MIXER CHANNEL STRIP SECTIONS
Below we've listed all mixer channel sections in the their default order, going from top to bottom, but keep in mind that channel strips can be customized as described in the preceding section.
Use this popup to select signal output destinations. This generally will be set to Master Track to route signals to the main left/right outputs, but can optionally be used for routing to Output Bus tracks, and ultimately, to the separate physical outputs of an audio interface.
Send track knobs appear when one or more send tracks have been added to a project. The number of knobs corresponds to the number of send tracks in a project, and the name shown next to the knob will be the same as the send track’s name in the track list. The mixer displays a maximum of ten send knobs at once; if more than ten send tracks have been added, a scroll bar appears at the right; just slide that guy up and down to view and adjust all 437 of your send tracks.
Due to space limitations in the mixer window, only the first nine characters and spaces will be visible in the mixer knob label, so don’t give your send tracks names like “Send 46 - Billy-Bob’s Sweet ‘Ol Gimungous Reverberation” or something equally lofty. We do recommend that you retain something like “Send 2” or similar at the beginning; this will simplify keeping track of signal flow, especially with larger projects.
Send Me A Send Track... Right Now
Send tracks are independent channels that allow multiple mixer channels to send signal to them. These are frequently used for time-domain effects, such as reverbs, delays, or other situations where it’s desirable to have the dry signal at full volume while adding an effect at a lower level.
A good example would be if you wanted to add reverb to the components of a drum kit that was split out over multiple audio channels (kick drum on one track, snare on another, etc.). Not only would using a send track let you save CPU power by using a single instance of reverb, but because each channel has its own send knob, you could feed a great deal of snare drum signal to the reverb for dramatic impact, but only a tiny bit of the kick drum (because kick drums generally sound like cannons gone awry when over-reverbed).
Another great way to use Send Tracks is for grouping related tracks, such as backing vocals. Not only does this let you put numerous related tracks under one fader for easy control, inserting effects into a Send Track also lets you add effects to many channels at once (for adding compression and EQ to all those backing vocals in one fell swoop, for example).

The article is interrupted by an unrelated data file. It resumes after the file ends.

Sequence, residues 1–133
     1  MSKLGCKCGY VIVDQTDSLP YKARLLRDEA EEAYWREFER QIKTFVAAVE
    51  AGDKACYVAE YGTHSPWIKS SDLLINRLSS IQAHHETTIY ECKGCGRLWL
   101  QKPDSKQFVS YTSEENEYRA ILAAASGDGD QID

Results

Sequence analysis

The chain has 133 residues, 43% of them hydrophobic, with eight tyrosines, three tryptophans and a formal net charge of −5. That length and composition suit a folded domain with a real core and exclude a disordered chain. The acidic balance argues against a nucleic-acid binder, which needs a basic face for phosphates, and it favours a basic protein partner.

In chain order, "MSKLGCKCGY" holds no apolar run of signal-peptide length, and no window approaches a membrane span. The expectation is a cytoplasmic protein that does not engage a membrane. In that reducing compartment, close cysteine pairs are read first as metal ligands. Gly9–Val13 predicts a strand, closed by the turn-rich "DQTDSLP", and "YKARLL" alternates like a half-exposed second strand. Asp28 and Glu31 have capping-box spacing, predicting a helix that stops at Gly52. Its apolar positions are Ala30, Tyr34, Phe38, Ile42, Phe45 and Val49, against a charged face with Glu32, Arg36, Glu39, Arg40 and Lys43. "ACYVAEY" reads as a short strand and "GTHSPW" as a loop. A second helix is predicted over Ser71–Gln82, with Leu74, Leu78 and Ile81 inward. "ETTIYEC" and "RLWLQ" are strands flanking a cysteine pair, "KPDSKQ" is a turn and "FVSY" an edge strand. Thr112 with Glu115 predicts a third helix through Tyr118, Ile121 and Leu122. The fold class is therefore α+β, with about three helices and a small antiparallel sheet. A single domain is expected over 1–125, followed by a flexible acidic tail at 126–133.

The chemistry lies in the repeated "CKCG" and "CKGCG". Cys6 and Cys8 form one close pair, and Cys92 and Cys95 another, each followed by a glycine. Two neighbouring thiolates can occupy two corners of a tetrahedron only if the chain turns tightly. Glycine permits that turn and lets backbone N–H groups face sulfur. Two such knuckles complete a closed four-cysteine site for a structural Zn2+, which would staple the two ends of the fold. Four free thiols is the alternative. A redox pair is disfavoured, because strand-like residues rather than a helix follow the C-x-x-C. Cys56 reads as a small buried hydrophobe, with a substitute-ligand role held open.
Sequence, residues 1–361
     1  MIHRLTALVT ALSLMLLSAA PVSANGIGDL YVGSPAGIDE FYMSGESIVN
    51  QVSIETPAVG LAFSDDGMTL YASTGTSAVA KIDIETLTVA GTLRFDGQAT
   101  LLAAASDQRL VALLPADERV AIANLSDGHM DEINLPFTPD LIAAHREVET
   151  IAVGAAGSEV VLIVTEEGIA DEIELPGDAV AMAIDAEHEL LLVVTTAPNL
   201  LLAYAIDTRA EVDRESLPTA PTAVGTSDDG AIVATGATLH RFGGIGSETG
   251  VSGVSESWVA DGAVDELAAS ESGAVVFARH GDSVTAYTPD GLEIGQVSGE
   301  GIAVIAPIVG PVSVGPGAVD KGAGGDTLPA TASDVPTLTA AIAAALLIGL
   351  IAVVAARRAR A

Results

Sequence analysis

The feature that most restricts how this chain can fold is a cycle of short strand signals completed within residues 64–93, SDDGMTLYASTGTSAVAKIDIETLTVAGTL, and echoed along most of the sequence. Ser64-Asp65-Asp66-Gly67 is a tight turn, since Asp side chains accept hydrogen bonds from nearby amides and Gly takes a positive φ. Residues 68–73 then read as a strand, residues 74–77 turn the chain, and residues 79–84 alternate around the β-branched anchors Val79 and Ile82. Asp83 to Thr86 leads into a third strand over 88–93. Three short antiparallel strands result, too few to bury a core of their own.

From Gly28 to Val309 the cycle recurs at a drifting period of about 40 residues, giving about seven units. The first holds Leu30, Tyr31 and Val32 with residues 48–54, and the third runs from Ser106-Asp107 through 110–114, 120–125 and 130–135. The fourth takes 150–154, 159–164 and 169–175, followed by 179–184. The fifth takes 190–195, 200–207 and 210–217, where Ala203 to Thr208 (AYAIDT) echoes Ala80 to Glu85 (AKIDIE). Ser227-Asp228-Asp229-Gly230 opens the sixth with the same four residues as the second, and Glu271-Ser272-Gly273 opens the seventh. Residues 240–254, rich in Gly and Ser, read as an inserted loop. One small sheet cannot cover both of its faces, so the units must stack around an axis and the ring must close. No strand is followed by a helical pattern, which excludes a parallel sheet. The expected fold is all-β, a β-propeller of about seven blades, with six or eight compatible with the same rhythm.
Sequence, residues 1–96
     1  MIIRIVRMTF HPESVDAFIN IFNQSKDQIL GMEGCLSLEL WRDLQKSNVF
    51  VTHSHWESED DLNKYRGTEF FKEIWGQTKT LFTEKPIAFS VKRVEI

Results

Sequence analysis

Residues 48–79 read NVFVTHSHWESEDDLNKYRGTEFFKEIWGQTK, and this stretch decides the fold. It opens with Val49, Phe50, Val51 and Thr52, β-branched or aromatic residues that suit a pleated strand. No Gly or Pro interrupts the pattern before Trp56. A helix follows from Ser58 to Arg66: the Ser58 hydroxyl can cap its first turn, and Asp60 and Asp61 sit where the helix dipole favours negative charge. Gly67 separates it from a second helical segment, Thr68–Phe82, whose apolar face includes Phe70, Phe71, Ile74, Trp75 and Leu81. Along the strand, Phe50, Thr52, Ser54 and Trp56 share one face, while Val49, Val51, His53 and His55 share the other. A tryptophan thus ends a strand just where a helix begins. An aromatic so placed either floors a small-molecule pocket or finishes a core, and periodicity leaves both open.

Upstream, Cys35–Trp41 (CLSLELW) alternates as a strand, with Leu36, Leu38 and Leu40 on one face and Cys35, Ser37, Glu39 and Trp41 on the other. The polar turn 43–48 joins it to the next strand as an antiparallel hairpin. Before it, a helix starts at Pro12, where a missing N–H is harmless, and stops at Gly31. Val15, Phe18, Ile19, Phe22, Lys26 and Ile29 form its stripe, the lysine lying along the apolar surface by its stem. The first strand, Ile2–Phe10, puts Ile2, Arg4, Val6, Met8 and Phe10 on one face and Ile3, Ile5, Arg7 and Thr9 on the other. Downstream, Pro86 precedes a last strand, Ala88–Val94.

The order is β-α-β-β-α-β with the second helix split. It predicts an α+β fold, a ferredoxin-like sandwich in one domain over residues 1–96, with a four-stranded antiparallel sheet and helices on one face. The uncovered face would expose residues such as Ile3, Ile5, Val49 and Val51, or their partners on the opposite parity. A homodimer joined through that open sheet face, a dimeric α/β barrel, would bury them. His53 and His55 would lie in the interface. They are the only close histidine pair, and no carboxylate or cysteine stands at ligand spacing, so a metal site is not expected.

This is a handy “initial gain” control, as seen on hardware mixing boards. Use it to adjust super quiet or hot signals (or to really slam the compressor and drive sections discussed below).
Turning it left or right adds or subtracts 15 dB of gain.
This is a handy “one-knob” compressor for taming transients. At lower settings, it works especially well for vocals, guitars, and bass, and it’s great for crushing drum loops at higher settings. Its volume is compensated, so that the overall output level remains roughly constant as the compression amount is increased. The Threshold knob increases the amount of squashing as it’s turned clockwise, as well as decreasing the attack time for more aggressive gain reduction.
New in Mixcraft 10, this handy channel strip module incorporates the following useful audio utilities typically reserved for a VST plugin:
• Swap Channels
Reverses the left/right orientation of stereo audio; the button turns blue when on when engaged.
• Phase Invert
Inverts the phase of the left or right channel. This is useful when two mics have been used to record the same source - sometimes flipping the phase on one of the channels improves sound quality.
• Stereo Width
Sets the left to right channel width for stereo content. Note that the Stereo Width knobs doesn't add or exaggerated the stereo image - maximum setting the same as "uneffected," but narrowing stereo sound field width is often useful in mixing situations.
Sums stereo signals to one mono signal.
The Drive control introduces natural “mixing console”-style saturation, from a little to a fair amount of raunch. It’s voiced with a warm, natural tone. Though it will increase overall volume, the channel fader will still keep the overall volume under control, making it easy to use while adding some grit without losing control of mix elements.